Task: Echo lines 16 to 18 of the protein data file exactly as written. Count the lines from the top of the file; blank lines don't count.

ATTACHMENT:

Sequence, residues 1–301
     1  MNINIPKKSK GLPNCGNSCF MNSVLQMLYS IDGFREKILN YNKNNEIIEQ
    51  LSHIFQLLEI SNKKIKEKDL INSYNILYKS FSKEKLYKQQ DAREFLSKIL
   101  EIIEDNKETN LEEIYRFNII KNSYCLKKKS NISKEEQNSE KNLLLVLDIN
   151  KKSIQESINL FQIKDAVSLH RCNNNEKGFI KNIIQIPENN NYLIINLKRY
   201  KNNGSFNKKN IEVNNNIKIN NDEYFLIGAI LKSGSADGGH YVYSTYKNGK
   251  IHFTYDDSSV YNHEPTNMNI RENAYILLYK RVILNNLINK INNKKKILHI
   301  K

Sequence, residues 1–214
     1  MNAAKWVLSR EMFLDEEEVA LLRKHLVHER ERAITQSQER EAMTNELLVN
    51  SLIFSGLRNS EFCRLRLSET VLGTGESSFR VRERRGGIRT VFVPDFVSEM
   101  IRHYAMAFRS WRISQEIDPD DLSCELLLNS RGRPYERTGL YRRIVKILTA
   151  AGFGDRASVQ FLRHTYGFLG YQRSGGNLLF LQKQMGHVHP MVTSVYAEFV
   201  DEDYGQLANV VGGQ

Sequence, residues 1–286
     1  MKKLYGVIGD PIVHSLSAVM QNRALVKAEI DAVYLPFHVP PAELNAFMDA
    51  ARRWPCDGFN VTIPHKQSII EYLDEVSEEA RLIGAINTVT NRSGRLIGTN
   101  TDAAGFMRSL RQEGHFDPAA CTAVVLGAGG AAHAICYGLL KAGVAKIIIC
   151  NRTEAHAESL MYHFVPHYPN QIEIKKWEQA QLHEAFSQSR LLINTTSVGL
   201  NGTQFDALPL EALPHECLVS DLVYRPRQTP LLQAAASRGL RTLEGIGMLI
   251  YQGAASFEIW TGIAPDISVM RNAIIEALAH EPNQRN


     1  MKKLYGVIGD PIVHSLSAVM QNRALVKAEI DAVYLPFHVP PAELNAFMDA
    51  ARRWPCDGFN VTIPHKQSII EYLDEVSEEA RLIGAINTVT NRSGRLIGTN
   101  TDAAGFMRSL RQEGHFDPAA CTAVVLGAGG AAHAICYGLL KAGVAKIIIC